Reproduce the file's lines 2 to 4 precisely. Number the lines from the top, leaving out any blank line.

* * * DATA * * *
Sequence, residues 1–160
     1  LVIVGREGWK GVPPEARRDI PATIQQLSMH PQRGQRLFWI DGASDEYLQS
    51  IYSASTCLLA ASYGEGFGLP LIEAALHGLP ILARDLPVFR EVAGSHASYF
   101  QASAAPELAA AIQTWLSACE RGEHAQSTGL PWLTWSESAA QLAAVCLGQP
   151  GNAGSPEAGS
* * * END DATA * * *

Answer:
     1  LVIVGREGWK GVPPEARRDI PATIQQLSMH PQRGQRLFWI DGASDEYLQS
    51  IYSASTCLLA ASYGEGFGLP LIEAALHGLP ILARDLPVFR EVAGSHASYF
   101  QASAAPELAA AIQTWLSACE RGEHAQSTGL PWLTWSESAA QLAAVCLGQP